Tire load limit question

The friendliest place on the web for anyone with an RV or an interest in RVing!
If you have answers, please help by responding to the unanswered posts.

Karl

Moderator Emeritus
Joined
Mar 3, 2005
Posts
5,154
Location
Elkhart Lake, WI for the summer. Work at Road Amer
The maximum load stamped on my tires is 3042 lbs. for a single tire and 2778 lbs. for dual tires @80psi. Am I missing something really basic here? Why are they derated when mounting in tandem? Does it have something to do with interference between them when the sidewall flexes under extreme conditions or low inflation pressures?
 

Ned

Moderator Emeritus
Joined
Feb 1, 2005
Posts
25,107
Location
USA
That's common to rate a tire for less load in a dual configuration.  Possibly due to the heat of 2 tires in close proximity?  I really don't know, but that seems like a possibility.  The wheel spacing is set by the wheel configuration, not the tire, so I don't think that would have anything to do with it.
 

Gary RV_Wizard

Site Team
Joined
Feb 2, 2005
Posts
73,525
Location
At our Silver Springs FL home
The wheel spacing is set by the wheel configuration, not the tire, so I don't think that would have anything to do with it.

Spacing is controlled by the rim but is definitely affected by the tire, since the sidewall bulges beyond the rim, especially on the bottom.  Different tires may require different rim spacing and a tire that is OK at high inflation pressures may have a problem at lower psi becasue it bulges more (and gets hotter too).

The only explanation I have seen for derating duals is that they run hotter than singles because  there is less airflow on one side of the tire.  That makes sense, but I don't know if that is the whole story or not, even though it was in an professionally written article on tires.  I've seen too many incomplete or flat out erroneous explanations in glib web articles to be 100% confident.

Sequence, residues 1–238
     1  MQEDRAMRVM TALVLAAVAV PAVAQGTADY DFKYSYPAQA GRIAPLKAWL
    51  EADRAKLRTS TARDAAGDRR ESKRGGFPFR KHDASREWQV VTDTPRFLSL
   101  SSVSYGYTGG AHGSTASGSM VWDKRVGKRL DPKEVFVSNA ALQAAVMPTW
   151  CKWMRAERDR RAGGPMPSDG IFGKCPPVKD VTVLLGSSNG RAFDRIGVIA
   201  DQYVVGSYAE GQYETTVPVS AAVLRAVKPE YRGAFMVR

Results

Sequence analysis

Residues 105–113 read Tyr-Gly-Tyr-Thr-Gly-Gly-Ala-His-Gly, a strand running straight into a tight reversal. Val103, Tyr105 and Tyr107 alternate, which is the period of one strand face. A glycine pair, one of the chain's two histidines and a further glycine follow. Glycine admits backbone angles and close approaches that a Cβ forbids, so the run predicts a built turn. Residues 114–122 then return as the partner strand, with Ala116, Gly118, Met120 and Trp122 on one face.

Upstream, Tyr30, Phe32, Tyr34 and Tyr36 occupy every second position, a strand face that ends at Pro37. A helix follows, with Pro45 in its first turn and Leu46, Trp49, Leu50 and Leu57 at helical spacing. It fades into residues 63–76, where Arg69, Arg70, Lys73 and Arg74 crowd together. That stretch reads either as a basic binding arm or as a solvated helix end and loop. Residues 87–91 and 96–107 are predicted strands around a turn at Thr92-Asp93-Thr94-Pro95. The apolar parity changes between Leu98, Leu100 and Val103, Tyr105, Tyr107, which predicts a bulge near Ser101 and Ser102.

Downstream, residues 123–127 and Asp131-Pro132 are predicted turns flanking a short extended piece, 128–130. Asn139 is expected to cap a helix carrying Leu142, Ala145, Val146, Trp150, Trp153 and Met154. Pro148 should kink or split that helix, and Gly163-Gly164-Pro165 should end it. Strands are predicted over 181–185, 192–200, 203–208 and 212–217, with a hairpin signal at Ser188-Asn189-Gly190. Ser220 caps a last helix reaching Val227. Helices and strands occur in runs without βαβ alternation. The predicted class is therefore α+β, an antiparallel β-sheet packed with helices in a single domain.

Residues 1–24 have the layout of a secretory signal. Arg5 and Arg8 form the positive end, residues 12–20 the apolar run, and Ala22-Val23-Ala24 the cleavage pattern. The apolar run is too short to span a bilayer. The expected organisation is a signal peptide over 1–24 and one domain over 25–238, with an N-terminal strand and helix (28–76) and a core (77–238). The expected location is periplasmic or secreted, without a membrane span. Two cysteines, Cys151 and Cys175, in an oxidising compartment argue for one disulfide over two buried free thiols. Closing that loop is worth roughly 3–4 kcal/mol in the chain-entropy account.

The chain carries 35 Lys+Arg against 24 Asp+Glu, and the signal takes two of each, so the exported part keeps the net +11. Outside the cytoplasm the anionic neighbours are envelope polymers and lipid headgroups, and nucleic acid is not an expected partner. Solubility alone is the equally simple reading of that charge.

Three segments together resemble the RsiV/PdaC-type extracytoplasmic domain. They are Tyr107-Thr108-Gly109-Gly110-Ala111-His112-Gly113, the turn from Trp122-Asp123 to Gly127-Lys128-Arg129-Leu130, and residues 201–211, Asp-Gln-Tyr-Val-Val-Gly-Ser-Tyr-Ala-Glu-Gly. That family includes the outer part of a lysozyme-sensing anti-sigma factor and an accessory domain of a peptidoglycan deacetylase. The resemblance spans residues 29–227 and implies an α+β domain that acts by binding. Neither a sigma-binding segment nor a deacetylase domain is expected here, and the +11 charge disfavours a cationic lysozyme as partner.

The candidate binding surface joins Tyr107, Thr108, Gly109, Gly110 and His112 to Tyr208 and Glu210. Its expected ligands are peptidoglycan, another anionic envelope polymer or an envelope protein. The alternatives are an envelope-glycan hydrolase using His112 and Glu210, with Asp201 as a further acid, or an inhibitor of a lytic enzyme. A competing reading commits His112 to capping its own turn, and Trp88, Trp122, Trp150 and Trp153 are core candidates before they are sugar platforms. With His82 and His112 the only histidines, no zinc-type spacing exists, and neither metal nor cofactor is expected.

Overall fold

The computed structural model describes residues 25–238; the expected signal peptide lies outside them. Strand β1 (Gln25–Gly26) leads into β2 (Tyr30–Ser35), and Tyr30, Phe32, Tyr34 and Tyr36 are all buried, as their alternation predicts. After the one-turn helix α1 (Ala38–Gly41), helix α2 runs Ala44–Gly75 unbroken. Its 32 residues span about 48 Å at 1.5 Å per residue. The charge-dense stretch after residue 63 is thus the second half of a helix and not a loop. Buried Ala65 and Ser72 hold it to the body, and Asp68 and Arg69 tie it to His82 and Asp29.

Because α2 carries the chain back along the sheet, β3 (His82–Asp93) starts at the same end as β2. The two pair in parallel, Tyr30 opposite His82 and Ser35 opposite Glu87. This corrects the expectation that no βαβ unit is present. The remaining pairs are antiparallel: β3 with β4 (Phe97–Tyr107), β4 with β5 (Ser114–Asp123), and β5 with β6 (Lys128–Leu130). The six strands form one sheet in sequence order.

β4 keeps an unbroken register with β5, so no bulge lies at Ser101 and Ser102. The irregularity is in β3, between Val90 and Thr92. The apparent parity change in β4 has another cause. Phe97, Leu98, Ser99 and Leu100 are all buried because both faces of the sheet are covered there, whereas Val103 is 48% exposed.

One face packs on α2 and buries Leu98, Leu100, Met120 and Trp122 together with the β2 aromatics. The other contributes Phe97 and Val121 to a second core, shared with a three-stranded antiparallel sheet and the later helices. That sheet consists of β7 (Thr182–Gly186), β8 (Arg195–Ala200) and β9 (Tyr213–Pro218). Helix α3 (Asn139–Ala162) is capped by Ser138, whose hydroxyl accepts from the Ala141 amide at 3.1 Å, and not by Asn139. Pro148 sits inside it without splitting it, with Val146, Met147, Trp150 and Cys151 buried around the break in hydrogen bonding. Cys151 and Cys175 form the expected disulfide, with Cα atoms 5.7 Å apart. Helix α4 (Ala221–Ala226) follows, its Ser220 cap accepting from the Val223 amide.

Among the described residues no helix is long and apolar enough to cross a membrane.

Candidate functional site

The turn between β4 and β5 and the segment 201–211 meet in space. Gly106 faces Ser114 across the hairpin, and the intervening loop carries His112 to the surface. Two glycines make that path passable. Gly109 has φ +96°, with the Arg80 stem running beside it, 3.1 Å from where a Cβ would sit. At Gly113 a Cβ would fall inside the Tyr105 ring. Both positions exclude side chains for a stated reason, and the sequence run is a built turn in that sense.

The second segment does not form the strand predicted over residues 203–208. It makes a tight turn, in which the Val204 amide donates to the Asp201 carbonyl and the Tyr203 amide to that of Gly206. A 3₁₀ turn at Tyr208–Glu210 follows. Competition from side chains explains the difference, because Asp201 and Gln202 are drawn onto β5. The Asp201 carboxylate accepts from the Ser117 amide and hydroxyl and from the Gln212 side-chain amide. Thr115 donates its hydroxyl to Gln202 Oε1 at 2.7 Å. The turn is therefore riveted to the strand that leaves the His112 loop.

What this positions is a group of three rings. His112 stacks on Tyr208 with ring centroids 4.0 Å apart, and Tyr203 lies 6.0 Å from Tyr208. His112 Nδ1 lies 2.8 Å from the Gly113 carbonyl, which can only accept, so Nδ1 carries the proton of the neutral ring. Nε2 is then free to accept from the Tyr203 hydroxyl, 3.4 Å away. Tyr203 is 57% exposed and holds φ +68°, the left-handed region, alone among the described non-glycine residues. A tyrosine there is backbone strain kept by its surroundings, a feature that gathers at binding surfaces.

Ned

Moderator Emeritus
Joined
Feb 1, 2005
Posts
25,107
Location
USA
The tire mfrs set the minimum spacing requirements for dual configurations and I expect it would accomodate any valid inflation pressure and load.  The temperature variable was the only other item that I could think of that is affected by the load and inflation pressure.  Perhaps one of the mfr web sites has an explanation.
 

BernieD

Well-known member
Joined
Mar 1, 2005
Posts
5,873
Location
Goodyear, AZ
Karl said:
The maximum load stamped on my tires is 3042 lbs. for a single tire and 2778 lbs. for dual tires @80psi. Am I missing something really basic here? Why are they derated when mounting in tandem? Does it have something to do with interference between them when the sidewall flexes under extreme conditions or low inflation pressures?

Interesting question Karl, never really thought about it before. One thing could be the fact that so many roads are crowned that the 2 tires in tandem will have different weights on them due to the different angle of the road to the alignment and this may provide some cushion for that. Just a SWAG.
 

Gary RV_Wizard

Site Team
Joined
Feb 2, 2005
Posts
73,525
Location
At our Silver Springs FL home
The tire mfrs set the minimum spacing requirements for dual configurations and I expect it would accomodate any valid inflation pressure and load.

The point is that if you change brand or even model of tire, the tire spacing requirement may differ. This could necessitate a change of rims to provide adequate spacing.
 

Ned

Moderator Emeritus
Joined
Feb 1, 2005
Posts
25,107
Location
USA
RV Roamer said:
The point is that if you change brand or even model of tire, the tire spacing requirement may differ. This could necessitate a change of rims to provide adequate spacing.

I think that is what I said, only different :)
 

Karl

Moderator Emeritus
Joined
Mar 3, 2005
Posts
5,154
Location
Elkhart Lake, WI for the summer. Work at Road Amer
Bernie,

Not such a WAG as you might expect. The Michelin site had a video that talked about it for all of about 5 seconds. Showed a rear view of tandem wheels with the rightmost one slightly off camber (due to the road sloping off) and stating that the uneven loading is the reason for the derating. Next year, when the tires need replacing, I'm seriously thinking about upgrading to 245/75R19.5's. I know the chassis will handle the extra capacity - in fact, the newer F53's come with the 19.5's. Thanks to all.
 
Top Bottom